When I wrote my first Apple Watch Series 6 diary piece on Monday, I was still waiting for my graphite stainless steel model to arrive. I was concerned about the graphite replacing the space black, and after some hands-on time, it’s apparent that the differences are noticeable, but I don’t think they are a dealbreaker.

Before you read today’s diary installment, read the first one:

Graphite Apple Watch Series 6 vs space black

Over the years, Apple has offered an array of different shades of black across its product lineups, ranging from the jet black iPhone 7 to the space gray used in the iPhone 11 today. The stainless steel space black Apple Watch finish fell closer to the jet black end of the spectrum. It was a glossy, dark black finish with little visible reflectiveness.

This year, Apple has replaced the Apple Watch space black finish with an all-new graphite stainless steel finish. From afar, it looks similar to the space black option it replaces: it’s darker than the silver stainless steel model but not quite as dark as the space black model was.

The differences between the space black and graphite finishes are different enough that space black fans will easily be able to notice a difference, even if they look similar from afar. The graphite is noticeably lighter than the space black and much more reflective.

The comparison is hard to photograph, but here is my best attempt:

As you can hopefully see, the differences are subtle yet noticeable, but for someone coming from an earlier space black Apple Watch model, I don’t think the change to graphite is a dealbreaker.

Here’s another look at the comparison in direct sunlight:

Battery tests

Moving away from aesthetics, my other main reason for upgrading from my Apple Watch Series 4 was its aging battery life. As I explained earlier this week, my Apple Watch Series 4’s battery had a maximum capacity of 82% after two years.

While Apple promises the same 18-hour battery life with the Series 6 this year, iFixit’s teardown recently revealed that the actual battery itself is around 3% larger. Apple also says that the Apple Watch Series 6 can charge 20% faster than the Series 5.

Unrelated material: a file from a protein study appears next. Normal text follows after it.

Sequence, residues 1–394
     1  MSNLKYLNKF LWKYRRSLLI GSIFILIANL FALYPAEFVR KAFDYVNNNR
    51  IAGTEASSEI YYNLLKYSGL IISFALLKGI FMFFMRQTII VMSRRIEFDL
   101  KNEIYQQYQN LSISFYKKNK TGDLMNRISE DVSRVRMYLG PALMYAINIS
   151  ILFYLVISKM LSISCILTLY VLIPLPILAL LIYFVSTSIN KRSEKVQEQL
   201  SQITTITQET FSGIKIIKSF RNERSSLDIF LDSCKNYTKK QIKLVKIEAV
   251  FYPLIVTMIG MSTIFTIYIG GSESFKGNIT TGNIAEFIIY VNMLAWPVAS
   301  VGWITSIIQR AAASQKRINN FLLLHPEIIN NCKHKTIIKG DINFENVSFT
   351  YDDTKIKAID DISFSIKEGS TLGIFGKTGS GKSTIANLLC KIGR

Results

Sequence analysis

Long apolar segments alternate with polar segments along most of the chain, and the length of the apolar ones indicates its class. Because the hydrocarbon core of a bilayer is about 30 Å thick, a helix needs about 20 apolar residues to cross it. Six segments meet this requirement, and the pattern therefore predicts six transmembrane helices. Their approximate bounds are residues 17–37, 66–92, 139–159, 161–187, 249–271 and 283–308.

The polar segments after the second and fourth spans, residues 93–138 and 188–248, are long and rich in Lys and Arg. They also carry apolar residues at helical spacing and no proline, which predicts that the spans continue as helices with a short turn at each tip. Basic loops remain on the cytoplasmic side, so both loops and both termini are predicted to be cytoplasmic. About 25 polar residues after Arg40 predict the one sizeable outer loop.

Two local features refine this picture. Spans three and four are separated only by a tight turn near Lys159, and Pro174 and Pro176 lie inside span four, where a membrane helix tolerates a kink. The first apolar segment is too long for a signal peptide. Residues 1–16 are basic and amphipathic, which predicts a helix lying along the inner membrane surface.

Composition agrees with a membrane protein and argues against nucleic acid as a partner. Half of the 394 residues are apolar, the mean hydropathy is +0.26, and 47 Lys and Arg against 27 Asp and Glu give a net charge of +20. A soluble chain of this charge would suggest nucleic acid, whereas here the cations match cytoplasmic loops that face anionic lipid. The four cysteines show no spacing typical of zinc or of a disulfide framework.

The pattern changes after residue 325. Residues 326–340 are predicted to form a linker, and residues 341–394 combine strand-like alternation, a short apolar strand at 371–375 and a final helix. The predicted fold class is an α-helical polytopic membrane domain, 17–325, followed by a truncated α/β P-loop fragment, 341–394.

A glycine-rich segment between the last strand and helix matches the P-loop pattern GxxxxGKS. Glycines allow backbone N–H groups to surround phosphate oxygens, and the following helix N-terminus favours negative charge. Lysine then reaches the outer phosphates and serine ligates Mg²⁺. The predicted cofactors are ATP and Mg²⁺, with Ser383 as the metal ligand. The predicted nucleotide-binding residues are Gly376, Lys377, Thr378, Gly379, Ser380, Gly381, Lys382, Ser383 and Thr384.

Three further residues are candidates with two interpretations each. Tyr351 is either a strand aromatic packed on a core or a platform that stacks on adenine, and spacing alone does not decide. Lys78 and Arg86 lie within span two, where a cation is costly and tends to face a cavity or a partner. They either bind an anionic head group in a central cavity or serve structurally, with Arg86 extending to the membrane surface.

I’ve been monitoring my real-world Apple Watch Series 6 battery life since last week, including sleep tracking, workouts, and more. Here’s a two-day sample size of the results:

  • Friday night 10:00 p.m.: 93%, off the charger
  • Saturday 6:30 a.m.: 83%, after sleep tracking
  • Saturday 11 a.m.: 55%, after 100 minutes of workouts tracking
  • Saturday 8 p.m.: 8%, on the charger 

Time between charges: 22 hours

  • Saturday 9:15 p.m.: 100%, off the charger
  • Sunday 6:30 a.m.: 78%, after sleep tracking
  • Sunday 12:00 p.m.: 48%, after 90 minutes of workouts tracking
  • Sunday 8:00 p.m.: 10%, on the charger 

Time between charges: 23 hours

  • Sunday 8:58 p.m.: 87%, off the charger

One of the most concerning factors to me is the inconsistency of sleep tracking’s impact on battery life. Some nights, it’s between 5% and 10%, while other nights it’s as high as 22%. I noticed this throughout the watchOS 7 beta testing period, but the issue persists even with the stable release of watchOS 7.

Still to come

In the next edition of my Apple Watch diary, I’ll have more details on the blue Apple Watch Series 6 and how well it matches with various Apple Watch bands, as well as details on my cellular usage, performance improvements with the S6 processor, and more.

Any questions? Have you upgraded to the Apple Watch Series 6? If so, what do you think of it? Let me know down in the comments!

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About the Author

Chance Miller

Chance is an editor for the entire 9to5 network and covers the latest Apple news for 9to5Mac.

Tips, questions, typos to chance@9to5mac.com